Establish rewards and recognition. Be sure to notice the employee's performance. If recognition is never forthcoming, they will decide that good performance doesn't make any difference, and others will not be motivated to accept delegation either.
There are four types of consequences you can use:
- Re-negotiation of goals/standards
How Do You Monitor?
Identify milestones in the project or task and then develop a system for tracking what tasks are assigned to whom and when they are to be completed.
Studies show that informal methods of follow-up are most effective. An assignment you ask about frequently is more important than the one you mention once but never monitor. But your interest must be sincere to be effective. It’s time-consuming but the very fact that you take the time tells the team member that completion is important.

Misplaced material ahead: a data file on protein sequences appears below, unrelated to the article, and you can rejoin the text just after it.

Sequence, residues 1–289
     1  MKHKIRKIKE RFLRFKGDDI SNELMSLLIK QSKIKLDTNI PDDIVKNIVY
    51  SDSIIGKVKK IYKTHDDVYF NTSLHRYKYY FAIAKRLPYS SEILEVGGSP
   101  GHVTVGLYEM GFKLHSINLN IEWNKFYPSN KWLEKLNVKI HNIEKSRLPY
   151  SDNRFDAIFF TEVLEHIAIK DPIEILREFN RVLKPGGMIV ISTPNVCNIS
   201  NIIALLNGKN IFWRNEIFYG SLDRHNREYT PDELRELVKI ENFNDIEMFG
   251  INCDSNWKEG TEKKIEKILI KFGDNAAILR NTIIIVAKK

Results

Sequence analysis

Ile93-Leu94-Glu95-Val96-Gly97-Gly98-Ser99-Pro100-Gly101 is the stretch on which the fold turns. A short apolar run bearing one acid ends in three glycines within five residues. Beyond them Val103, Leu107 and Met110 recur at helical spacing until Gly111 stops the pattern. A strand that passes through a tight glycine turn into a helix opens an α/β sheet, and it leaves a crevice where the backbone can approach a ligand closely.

Depending on the type of work, you may ask for a sample of the work to monitor quality, such as a report, or sit in on a meeting the employee is chairing.
Similar to a tracking log, except this time the onus is on the employee to include steps taken and difficulties in execution.
Management by Exception
This is based on the idea that controls are only needed when there is a deviation from set standards. In this way, you focus on unacceptable problems rather than try to monitor everything. However, don't use this method if difficulties are hard to spot, a single error could be significant, or the employee is inexperienced at the task.